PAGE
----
Michelle Wu, Annissa Essaibi-George talk Boston schools on the campaign trail this weekend

Boston schools came into focus as a campaign issue on Sunday as mayoral hopefuls continued to differentiate themselves on their strategies to reform policing amid a crowded candidate field.

City Councilor-at large Michelle Wu, who is making a bid of the fifth-floor corner office defended her “pie in the sky” dreams for Boston schools at an event at the English High School on the heels of releasing her 50-page education plan last week.

“We need a transformational change in Boston,” Wu said, highlighting the need for new buildings, early-childhood education and better wraparound services.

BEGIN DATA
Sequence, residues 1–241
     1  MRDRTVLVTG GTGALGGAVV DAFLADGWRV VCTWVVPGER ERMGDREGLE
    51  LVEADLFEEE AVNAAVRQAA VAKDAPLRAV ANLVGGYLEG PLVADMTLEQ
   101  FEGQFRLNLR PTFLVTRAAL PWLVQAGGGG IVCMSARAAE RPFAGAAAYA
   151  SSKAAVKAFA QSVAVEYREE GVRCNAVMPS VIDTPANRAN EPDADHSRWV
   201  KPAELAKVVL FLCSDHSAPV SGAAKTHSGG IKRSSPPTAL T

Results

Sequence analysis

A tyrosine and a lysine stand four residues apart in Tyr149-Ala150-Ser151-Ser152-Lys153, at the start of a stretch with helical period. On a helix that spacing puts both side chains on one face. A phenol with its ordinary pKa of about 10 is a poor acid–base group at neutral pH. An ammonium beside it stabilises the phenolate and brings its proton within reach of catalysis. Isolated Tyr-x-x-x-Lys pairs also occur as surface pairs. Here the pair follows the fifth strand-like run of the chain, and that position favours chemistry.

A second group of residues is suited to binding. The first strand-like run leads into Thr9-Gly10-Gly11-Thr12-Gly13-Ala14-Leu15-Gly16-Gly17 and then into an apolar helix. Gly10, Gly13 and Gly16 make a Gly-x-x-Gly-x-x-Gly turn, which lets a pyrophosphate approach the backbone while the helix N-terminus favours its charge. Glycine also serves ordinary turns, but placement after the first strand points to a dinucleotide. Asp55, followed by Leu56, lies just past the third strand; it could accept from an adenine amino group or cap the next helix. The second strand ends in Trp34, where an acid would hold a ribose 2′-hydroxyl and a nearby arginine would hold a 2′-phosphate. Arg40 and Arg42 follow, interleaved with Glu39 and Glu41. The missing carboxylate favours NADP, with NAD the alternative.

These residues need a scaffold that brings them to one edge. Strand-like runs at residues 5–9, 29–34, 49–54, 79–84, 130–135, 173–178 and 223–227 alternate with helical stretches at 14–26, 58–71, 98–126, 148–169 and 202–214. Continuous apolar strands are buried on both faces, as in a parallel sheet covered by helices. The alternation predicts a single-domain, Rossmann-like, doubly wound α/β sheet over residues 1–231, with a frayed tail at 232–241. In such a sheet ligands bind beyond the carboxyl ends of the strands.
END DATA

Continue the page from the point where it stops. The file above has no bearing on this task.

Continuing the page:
City Councilor-at large and mayoral candidate Annissa Essaibi-George said she is a “proponent of exams for exam schools,” but stressed all schools need to provide a good education.

“We have to make sure that a family does not feel that they have lost if their child doesn’t gain admission to one of our exam schools,” Essaibi-George told Jon Keller on WBZ.

Essaibi-George also challenged Acting Mayor Kim Janey’s policing strategy, saying Boston needs “several hundred more police officers” rather than the 30 proposed by Janey.

The freshly minted acting mayor said last week she would continue to slash overtime in the ballpark of $21 million.

District 4 Councilor and mayoral candidate Andrea Campbell said Sunday on Twitter she’s proposing to redirect $50 million — about 10% of the departments $400 million budget — to the “root causes of violence: trauma, mental health,” and moving people out of poverty.

Other candidates Rep. Jon Santiago and former city economic development chief John Barros did not hold events or interviews on Sunday.

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